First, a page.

To those who come to Christ out of a background of homosexual practice, or to the Christian who is struggling with same-sex attraction, the gospel offers the good news of Christian community, that is, adoption into God’s family, which ought to be characterised by complete acceptance, love, understanding, support, deep friendship and compassion.
Regrettably, this has not always been the experience of people within the local church, regardless of their sexual orientation. Many local churches don’t have a great record when it comes to welcoming in the marginalised and alienated; this is a tragedy of the highest proportions and a complete travesty of the gospel. The Lord Jesus focussed much of his time on reaching out and ministering grace and truth to the alienated and marginalised, those whom others would often reject or neglect.
It’s a sad fact that throughout church history, people struggling with homosexual struggles and temptations have not always found the acceptance, love and friendship that they need. Many who have sought help and hoped to find compassion within the church community have faced rejection, condemnation, misunderstanding, or harsh judgement. There are examples of parents who have been asked to leave a church fellowship because their son or daughter has come out as gay. There are ministers and youth workers who have been hounded out of churches because of their personal struggle with same-sex attraction, despite the fact that they are fully committed to living a celibate, godly lifestyle.
Amongst some Christians and in some church fellowships there is a need for repentance where individuals have been subjected to homophobia, prejudice, alienation or harsh judgement. And more generally church leaders have a responsibility to model and communicate the truth that homosexual sin and temptation is just one example amongst many of what it means to live in a fallen, broken world.
Homosexuality should not be the taboo issue in a local church. It should simply be seen as one struggle amongst many various struggles. Some believers in a congregation might face a struggle with anger, others with alcohol, still others with money, envy, greed, pride, or gossip. Virtually all Christians will at one time or another face a struggle with lust, at least to some degree. For most it will be lust over people of the opposite sex, but for some it will be lust over people of the same sex. The Bible simply calls it lust.
Paul urges Christians in Rome to `Accept one another, then, just as Christ accepted you, in order to bring praise to God` (Romans 15:7 NIV). The local church should be a place where individuals struggling in this way are free to be real about who they are, and honest about the nature of their battle. Not necessarily sharing their deepest secrets with everyone, but able to be open with at least a few brothers or sisters, so that others can help bear their burdens and walk with them as they strive for godliness.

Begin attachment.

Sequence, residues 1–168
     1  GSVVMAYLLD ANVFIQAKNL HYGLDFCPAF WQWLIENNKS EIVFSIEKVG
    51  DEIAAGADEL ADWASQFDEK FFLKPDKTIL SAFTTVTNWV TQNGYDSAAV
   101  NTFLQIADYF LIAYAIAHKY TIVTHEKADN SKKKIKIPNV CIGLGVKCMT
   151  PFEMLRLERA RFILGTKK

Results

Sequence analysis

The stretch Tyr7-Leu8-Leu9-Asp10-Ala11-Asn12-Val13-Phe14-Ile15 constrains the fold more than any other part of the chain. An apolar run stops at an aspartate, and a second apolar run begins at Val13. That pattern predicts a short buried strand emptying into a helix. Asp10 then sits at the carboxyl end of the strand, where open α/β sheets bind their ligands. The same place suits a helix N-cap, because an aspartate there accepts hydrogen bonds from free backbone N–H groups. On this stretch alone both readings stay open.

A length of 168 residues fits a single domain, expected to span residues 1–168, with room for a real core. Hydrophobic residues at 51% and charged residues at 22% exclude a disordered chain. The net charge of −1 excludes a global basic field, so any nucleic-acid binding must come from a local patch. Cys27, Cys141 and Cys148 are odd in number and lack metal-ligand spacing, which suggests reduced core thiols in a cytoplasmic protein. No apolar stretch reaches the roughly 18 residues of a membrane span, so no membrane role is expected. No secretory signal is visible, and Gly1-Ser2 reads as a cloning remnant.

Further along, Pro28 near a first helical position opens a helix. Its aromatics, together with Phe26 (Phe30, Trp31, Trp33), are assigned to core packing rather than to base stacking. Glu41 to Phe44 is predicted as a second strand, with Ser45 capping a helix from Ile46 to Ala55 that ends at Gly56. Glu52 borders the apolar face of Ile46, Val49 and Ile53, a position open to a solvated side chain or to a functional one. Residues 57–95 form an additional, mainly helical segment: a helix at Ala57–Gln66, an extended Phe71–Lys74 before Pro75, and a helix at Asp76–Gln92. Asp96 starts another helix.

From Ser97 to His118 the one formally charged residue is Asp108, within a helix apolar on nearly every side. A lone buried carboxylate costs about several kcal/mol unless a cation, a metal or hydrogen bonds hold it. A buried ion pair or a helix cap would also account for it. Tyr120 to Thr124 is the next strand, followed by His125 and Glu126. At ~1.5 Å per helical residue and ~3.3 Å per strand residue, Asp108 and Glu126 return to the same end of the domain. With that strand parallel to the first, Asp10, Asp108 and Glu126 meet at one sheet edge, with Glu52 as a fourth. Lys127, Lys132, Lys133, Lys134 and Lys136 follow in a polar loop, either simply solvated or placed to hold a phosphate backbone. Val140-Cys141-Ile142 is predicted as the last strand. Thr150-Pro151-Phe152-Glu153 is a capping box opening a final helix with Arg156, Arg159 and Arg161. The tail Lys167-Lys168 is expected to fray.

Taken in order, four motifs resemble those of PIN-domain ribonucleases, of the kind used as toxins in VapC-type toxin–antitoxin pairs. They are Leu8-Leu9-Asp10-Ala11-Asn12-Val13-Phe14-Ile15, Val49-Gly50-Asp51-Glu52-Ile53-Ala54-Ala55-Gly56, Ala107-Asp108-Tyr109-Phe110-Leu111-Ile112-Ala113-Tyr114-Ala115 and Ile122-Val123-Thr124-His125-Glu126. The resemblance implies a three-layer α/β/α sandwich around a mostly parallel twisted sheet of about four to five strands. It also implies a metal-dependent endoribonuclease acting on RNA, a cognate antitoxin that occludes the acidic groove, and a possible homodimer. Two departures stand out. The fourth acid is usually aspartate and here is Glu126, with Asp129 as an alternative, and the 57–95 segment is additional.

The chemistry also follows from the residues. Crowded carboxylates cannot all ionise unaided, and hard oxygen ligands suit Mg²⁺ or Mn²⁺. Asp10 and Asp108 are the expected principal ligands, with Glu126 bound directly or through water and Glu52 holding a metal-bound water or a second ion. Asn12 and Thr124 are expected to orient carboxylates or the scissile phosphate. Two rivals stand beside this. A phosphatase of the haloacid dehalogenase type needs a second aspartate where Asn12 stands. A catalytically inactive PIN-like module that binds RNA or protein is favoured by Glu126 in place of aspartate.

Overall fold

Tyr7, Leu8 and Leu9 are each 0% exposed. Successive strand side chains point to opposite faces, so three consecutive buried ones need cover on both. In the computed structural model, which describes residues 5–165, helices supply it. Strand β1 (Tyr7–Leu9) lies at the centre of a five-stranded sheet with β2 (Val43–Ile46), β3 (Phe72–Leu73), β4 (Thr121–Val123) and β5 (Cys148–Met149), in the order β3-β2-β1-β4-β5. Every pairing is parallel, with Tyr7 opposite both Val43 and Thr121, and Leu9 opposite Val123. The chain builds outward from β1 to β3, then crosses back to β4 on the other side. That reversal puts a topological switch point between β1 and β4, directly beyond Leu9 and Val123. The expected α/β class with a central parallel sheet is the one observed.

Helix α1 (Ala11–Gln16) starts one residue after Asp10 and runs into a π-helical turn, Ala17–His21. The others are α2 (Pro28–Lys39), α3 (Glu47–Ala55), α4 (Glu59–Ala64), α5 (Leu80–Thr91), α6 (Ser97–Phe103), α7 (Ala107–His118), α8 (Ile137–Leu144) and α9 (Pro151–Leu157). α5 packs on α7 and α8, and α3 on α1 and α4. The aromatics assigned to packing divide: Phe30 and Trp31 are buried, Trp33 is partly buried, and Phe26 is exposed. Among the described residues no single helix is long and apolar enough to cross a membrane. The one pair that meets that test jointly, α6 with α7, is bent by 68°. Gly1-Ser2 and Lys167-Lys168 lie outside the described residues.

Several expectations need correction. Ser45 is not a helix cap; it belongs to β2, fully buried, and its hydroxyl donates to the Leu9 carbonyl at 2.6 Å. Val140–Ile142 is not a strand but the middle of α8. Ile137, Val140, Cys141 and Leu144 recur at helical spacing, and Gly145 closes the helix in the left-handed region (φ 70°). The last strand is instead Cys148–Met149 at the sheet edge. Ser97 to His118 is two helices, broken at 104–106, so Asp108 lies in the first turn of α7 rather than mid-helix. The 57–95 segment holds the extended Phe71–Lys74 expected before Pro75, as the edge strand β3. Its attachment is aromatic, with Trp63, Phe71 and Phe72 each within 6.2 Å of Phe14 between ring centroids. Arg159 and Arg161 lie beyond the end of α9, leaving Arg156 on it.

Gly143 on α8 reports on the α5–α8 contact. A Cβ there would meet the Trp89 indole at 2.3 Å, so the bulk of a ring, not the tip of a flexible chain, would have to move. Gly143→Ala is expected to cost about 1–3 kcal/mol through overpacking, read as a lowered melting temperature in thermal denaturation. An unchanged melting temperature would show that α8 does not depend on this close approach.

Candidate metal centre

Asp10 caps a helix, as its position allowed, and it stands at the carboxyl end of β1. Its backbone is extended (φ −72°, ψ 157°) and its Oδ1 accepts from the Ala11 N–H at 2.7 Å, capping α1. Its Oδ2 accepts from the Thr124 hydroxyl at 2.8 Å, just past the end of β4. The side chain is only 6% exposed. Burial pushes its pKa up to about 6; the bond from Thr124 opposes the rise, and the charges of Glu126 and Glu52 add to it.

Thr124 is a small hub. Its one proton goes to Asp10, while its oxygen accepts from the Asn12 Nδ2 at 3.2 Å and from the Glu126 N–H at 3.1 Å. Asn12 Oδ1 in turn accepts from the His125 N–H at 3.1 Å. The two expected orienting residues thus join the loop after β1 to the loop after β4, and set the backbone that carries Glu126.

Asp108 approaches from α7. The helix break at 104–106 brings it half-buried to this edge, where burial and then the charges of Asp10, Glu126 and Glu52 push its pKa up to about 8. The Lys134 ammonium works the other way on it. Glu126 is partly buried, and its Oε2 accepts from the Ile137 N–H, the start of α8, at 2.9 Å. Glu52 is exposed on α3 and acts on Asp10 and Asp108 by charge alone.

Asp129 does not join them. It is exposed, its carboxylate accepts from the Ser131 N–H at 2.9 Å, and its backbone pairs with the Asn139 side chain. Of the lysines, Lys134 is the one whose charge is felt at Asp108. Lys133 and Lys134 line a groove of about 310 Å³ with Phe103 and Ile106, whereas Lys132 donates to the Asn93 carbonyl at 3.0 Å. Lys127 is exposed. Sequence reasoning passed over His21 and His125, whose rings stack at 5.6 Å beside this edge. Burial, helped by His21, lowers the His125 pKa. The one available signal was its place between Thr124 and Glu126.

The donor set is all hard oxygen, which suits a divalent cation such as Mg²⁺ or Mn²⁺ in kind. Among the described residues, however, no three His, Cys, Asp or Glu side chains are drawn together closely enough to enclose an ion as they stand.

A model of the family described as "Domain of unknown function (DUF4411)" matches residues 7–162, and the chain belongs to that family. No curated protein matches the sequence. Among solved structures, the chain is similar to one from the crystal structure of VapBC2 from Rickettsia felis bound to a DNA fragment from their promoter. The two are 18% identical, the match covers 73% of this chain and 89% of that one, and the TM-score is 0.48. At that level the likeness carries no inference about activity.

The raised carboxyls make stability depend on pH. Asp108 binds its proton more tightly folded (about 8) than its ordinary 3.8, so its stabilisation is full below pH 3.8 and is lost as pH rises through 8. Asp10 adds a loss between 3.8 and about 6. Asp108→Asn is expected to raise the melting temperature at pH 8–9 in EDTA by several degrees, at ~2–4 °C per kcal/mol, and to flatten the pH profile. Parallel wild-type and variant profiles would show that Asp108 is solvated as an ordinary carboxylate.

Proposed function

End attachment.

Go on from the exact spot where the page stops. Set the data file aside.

Many people struggling with same-sex attraction will testify to having struggled to make really good and close friendships in their younger years, especially same-sex friendships. Here the church has a great role to play in modelling, encouraging and fostering healthy, godly friendships within the Christian community. For a Christian dealing with this issue, learning to relate to people of the same sex in a non-erotic way can be a very important part of their growth into maturity, and they will likely need wise counsel, accountability and biblical encouragement in this direction.
The church community should demonstrate a really positive approach to singleness too, rather than focussing exclusively on marriage and family units. It’s often a cause of some despair and frustration among single Christians struggling with same-sex attraction that in their church being single is seen, spoken of, and sometimes even taught as being second best. Where a church allows an atmosphere of pressure on, or suspicion about, or invasive questioning of single people as to why they’re not married or dating, this can lay a huge burden on those who (for whatever reason) may not see marriage as a realistic prospect.
Vaughan Roberts in his book Battles Christians Face writes of a church which called their twenties group `Pairs and Spares`; which really needs no further comment! Although that’s an extreme example, there are many single people who would relate to the idea of feeling like a spare part within their church fellowship, somehow not fully human or fully Christian until they’re elevated to the superior state of marriage. Church leaders have a responsibility, and not only to those who struggle with same-sex attraction, to regularly teach and remind the church that God values singleness. The Son of God incarnate was himself single, of course, and he was the complete human being in every sense of that term. The apostle Paul says of marriage and singleness in 1 Corinthians 7 that each person has their own gift from God. So singleness is a divine gift, and as such the church ought to value and embrace it, rather than despise or demean it.